As a senior executive, have you ever heard a colleague talk openly about how their self-doubt may be impacting their performance? The C-suite is not exactly the place for that kind of conversation. C-level leaders are working under heavy expectations. Meanwhile, your peers are competing with you for resources. And your multiple stakeholders are expecting you to produce results. Even if you have doubts, you’re probably not going to talk about them.
However, I meet a surprising number of highly successful VPs and C-suite executives who do experience concerns about their confidence in specific areas. Rarely do we stop to consider that business changes so much these days and so quickly that almost anyone can at some time begin to doubt their ability to keep up—let alone step up.
Several different types of situations can trigger self-doubt in a high-performing leader.
When an organization or an industry is going through disruptive change, leaders at VP level and above often feel especially vulnerable. By virtue of their position so close to the top and the size of their compensation package, they realize that they may become targets. Some C-suite positions are more prone to casualties than others (for example, Fast Company, a business magazine, was reporting this for Chief Marketing Officers over five years ago). Under this constant threat, your confidence can take silent unrelenting hits even if you are effectively keeping up with your daily challenges.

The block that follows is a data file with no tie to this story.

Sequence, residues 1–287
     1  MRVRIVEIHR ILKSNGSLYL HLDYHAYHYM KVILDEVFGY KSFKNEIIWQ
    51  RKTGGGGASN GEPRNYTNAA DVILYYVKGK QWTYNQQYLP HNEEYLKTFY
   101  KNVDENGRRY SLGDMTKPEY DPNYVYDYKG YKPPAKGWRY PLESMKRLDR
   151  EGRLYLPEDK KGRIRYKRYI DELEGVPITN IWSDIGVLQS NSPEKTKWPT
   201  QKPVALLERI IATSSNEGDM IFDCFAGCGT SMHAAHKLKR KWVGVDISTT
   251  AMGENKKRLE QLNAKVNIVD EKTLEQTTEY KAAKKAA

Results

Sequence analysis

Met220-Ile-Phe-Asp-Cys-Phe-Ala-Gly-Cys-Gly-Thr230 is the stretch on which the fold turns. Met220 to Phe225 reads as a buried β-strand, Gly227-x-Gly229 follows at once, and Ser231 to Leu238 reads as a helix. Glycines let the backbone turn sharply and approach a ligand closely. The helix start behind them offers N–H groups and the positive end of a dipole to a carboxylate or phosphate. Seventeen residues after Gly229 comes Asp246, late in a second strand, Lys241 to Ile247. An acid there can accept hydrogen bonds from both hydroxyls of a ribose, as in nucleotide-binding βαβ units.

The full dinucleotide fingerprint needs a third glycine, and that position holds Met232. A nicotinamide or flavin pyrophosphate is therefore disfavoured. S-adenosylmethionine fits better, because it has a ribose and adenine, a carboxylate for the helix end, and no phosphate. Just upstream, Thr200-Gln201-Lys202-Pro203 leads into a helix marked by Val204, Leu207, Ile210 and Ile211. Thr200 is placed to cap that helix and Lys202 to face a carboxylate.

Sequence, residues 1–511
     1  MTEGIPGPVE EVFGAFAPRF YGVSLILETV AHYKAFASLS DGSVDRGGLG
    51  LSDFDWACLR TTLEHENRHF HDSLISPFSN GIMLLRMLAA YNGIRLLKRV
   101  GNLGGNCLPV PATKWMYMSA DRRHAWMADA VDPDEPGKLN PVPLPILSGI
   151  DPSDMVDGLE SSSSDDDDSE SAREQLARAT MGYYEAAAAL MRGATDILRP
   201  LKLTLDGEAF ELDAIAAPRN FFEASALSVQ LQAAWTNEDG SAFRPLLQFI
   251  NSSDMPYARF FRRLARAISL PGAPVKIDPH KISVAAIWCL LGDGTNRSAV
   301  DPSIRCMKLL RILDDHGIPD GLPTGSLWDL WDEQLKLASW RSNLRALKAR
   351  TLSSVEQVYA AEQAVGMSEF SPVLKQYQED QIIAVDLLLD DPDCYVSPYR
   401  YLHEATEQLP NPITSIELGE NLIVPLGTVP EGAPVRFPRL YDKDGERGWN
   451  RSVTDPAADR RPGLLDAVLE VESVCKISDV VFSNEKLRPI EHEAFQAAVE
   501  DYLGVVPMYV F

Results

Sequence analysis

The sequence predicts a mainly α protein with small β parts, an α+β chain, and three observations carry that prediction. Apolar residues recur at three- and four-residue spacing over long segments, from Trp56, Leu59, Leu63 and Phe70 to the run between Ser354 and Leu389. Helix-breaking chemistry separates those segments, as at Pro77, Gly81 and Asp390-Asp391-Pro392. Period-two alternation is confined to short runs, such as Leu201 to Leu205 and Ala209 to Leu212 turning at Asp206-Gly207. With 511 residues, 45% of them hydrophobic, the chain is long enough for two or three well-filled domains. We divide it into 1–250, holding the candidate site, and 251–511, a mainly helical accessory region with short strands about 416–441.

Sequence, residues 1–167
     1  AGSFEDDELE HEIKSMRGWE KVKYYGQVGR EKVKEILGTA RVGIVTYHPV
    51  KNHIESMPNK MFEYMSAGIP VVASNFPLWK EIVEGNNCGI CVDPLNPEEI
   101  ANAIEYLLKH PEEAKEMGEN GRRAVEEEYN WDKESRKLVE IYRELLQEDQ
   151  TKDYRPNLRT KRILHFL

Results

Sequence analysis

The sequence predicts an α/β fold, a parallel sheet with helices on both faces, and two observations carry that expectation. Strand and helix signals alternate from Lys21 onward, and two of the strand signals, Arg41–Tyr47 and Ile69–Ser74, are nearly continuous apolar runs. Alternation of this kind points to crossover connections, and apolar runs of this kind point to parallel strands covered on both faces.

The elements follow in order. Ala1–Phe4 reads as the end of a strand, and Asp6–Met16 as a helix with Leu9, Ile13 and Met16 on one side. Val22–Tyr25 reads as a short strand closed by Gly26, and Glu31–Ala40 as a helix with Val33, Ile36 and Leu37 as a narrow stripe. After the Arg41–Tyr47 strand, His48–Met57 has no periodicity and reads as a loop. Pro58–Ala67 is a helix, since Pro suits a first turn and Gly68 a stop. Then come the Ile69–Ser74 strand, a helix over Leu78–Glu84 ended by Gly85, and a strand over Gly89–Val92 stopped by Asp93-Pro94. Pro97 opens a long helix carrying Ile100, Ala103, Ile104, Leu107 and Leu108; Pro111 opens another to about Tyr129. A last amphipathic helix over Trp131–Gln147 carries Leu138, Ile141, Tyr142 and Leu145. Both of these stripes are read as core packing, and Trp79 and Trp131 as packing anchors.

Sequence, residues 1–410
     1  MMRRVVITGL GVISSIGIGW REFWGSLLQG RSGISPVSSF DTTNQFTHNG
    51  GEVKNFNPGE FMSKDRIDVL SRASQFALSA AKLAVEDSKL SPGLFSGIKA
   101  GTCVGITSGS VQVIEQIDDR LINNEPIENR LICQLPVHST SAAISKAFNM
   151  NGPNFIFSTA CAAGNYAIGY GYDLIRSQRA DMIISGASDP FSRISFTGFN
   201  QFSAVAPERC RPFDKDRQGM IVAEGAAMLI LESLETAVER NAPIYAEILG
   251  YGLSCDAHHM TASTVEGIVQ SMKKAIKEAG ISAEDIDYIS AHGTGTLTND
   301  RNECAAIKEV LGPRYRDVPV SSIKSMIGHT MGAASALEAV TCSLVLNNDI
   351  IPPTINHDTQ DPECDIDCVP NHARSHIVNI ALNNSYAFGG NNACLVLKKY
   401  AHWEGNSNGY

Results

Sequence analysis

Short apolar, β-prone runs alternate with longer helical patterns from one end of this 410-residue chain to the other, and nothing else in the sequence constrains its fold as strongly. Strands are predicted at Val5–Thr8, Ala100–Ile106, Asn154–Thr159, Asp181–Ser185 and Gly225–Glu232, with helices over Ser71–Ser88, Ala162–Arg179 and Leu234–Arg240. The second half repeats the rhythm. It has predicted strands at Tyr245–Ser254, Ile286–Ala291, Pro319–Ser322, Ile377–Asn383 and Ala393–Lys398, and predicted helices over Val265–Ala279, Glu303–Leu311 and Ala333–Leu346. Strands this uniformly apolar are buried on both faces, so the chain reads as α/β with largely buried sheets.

Another trigger for executive leaders is when they’re promoted into new or significantly different roles. Their self-confidence may take a quick silent hit when they first step up. The increased scope and complexity of their new role can leave them overwhelmed and doubting their capacity to deliver. Never mind the additional pressure of realizing that the higher you go, the more your success depends on your ability to influence people over whom you have no authority.
Last week, I was talking with one such leader who was struggling after having been promoted to divisional VP at a financial services company. He sensed that his bosses were looking to him for immediate answers. Even though he had a breadth and depth of experience in his business area that far exceeded his superiors, he doubted his ability to make the right choices. He also believed that his superiors, as well as his team, were more knowledgeable and better informed than he was. He felt challenged by his direct reports when they questioned him and pushed back on his decisions. He thought he needed to have all the answers and he was very uncomfortable with the fact that he didn’t. “Needing to have all the answers” was actually his blind spot.Download Article 500 Club